I would say oatmeal, brown rice, whole wheat pasta and Mrs. Dash are my staples. I want to try cooking with EVOO, but have heard the same thing about having to use very high quality. I have no idea what brands are high quality and healthy though so I don’t bother.

  3. Claudia (Bluebears) Says:

    Sadly, I would have to say Mrs. Grass noodle soup. I don’t really cook…

  4. elizabeth Says:

    Couscous! We can buy it in bulk at our local hippie market, so instead of spending $5 a pound, we end up only spending a little more than 2 bucks a pound and it’s so versatile as a last-minute side to sop up a sauce. Also frozen edamame–it’s an easy and more healthy alternative to fries when we make turkey burgers, and our supermarket has its own brand of the microwave steamer bags which make them so convenient to make.

  5. JDRegent Says:

    BUTTER. I absolutely despise margarine and butter substitutes (except for spreadable soy garden which I use on toast) and add butter to almost every recipe. I realize it’s the first thing people try to get rid of to lose weight, but I’ve never tried to lose weight and in any case follow the Julia Child school of cookery. It’s hard to fuck up a meal when you use enough butter. I use it instead of oil whenever possible. Also fresh basil, by far my most used herb, followed by mint. Sage is lovely too but I don’t reach for it as often.

  6. pennyplastic Says:

    I LOVE butter, JD. My theory is, it’s natural, just don’t eat a ton of it. Crusty bread and butter is my favorite indulgence. Well, one of them…..

    I use a combination of oil and butter when cooking certain ingredients – most commonly sautéed mushrooms. YUM.

  7. JDRegent Says:

    In my opinion the secret to perfect eggs is to cook them in a ton of butter instead of oil, and add lots of fresh basil or herb of choice (mushrooms would be good too!). I like to pretend I live on a rustic french countryside when i do it.

  8. Neighbor Nancy Says:

    JD, that’s wonderful!
    I, too, like to imagine I am in the whimsical places that have inspired my cooking adventures.
    It is good to know I am not alone.

  9. JDRegent Says:

    Neighbor Nancy, it’s recession tourism. Try not to get too depressed.

  10. PurplePeopleEater Says:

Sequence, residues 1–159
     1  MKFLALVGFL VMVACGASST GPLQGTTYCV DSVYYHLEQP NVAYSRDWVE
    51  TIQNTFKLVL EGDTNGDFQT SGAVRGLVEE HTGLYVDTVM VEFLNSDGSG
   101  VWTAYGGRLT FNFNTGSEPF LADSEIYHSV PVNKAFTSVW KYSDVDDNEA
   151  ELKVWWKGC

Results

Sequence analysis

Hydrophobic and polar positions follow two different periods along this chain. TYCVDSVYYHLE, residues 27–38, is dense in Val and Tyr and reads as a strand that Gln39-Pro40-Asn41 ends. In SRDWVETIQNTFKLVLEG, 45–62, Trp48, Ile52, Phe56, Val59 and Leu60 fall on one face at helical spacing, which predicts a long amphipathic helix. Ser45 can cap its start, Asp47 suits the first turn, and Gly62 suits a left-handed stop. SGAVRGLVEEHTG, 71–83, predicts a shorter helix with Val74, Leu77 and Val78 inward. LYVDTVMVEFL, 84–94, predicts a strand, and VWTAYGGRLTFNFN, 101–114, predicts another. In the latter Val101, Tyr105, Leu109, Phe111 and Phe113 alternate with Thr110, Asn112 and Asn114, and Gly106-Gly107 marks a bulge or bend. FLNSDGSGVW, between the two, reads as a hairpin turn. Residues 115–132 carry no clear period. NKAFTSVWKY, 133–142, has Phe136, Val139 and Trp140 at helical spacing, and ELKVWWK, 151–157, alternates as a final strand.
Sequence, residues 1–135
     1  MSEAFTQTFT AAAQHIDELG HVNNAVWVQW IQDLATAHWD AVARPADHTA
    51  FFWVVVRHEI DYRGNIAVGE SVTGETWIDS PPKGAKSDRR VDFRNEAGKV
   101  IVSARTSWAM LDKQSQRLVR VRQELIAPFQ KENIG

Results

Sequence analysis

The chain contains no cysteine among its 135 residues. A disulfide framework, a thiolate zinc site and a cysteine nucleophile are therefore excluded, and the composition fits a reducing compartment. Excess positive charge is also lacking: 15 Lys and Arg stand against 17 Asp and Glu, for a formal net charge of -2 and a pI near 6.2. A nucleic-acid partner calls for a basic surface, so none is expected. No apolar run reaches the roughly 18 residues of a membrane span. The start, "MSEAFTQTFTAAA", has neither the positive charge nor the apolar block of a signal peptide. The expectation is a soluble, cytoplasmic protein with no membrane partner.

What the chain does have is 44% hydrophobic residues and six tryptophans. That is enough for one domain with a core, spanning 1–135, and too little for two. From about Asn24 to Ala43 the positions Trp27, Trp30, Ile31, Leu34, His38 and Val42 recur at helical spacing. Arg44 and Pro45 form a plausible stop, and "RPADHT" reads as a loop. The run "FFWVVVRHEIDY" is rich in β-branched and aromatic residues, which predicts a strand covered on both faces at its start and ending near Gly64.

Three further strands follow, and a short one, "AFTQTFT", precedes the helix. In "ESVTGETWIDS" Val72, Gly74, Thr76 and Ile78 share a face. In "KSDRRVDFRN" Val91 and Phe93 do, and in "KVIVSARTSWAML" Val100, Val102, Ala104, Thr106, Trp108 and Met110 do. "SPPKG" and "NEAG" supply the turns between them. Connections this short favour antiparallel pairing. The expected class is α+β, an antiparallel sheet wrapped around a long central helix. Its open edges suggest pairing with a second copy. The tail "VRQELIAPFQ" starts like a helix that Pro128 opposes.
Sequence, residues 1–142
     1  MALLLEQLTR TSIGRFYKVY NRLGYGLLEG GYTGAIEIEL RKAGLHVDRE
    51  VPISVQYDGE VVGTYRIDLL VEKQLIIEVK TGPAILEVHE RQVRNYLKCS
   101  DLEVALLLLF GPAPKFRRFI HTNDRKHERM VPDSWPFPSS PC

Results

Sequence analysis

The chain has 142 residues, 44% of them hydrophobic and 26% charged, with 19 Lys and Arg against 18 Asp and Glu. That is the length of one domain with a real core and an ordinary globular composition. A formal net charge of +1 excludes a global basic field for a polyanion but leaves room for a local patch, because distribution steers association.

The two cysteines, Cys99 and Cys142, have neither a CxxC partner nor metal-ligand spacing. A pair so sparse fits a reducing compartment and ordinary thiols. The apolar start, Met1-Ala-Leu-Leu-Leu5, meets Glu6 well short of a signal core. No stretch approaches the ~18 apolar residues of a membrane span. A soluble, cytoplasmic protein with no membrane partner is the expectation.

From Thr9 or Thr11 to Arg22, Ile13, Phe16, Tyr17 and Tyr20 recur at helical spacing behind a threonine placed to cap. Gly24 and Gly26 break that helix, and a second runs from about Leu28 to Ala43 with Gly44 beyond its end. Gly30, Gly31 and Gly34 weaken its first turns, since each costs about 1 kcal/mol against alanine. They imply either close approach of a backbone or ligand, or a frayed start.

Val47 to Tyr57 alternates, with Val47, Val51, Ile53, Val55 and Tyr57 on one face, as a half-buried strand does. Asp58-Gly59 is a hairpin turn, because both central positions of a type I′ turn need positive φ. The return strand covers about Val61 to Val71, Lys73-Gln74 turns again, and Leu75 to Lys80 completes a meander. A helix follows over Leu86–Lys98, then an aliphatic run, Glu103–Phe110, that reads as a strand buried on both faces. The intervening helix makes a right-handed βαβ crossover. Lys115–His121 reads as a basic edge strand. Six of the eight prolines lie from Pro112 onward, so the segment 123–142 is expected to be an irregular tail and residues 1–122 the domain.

Now we just need your 10 favorite recipes, Penny. Please?!!!

  11. pennyplastic Says:

    Wow, that’ll be a tough one, but a great idea – I will let that simmer…..

  12. Jess Says:

    My list would be pretty much the same. My new ingredient obsession though is feta cheese and marinated artichoke hearts. I need more recipes besides salads that I can throw them into.

    So I am taking a Prehistoric Food Production class and we have been talking about all of the health problems that have come along with agriculture specially the vitamin deficiencies. My professor noted that one of the foods that people began to eat to regain vitamins was garlic because its is very high in Vitamin C. And no one like scurvy. But it totally makes sense as to why garlic is consumed in so many cultures.

  13. La Sooz Says:

    Yes!! Your 5 Fave “Go To” Recipes. Even if they are more mixing ingredients and simple stuff–I like your style in other stuff, food can’t be far behind! I love your blog. It is such a breath of fresh air. I am seriously tiring of the Big Ladyblog That Starts with J.

  14. Jessica Says:

    I also use an extraordinary amount of garlic, it’s almost ridiculous. I would have to add eggs to the list, and substitute walnuts for the almonds…and I, too, love butter.

  15. pennyplastic Says:

    Jess, I just saw this recipe and thought of you!

    http://www.101cookbooks.com/archives/almost-cheeseless-pasta-casserole-recipe.html

  16. Jess Says:

    Thanks! I am definitely going to try this. It looks really good.

  17. encnyc Says:

    I had just been perusing your site, when, voila, I saw this story.

    http://www.google.com/hostednews/ap/article/ALeqM5gQ_m-JL_cJD9LvwzqqmdtvMwgVjgD96IRB300

    I use pretty much the same basics you do, and I cooked in restaurants for years before I got my law degree. Kudos for you to being on the right track without having to cook in all those restaurants and without all those drunken after-cooking nights with hot, but distant, restaurant staff!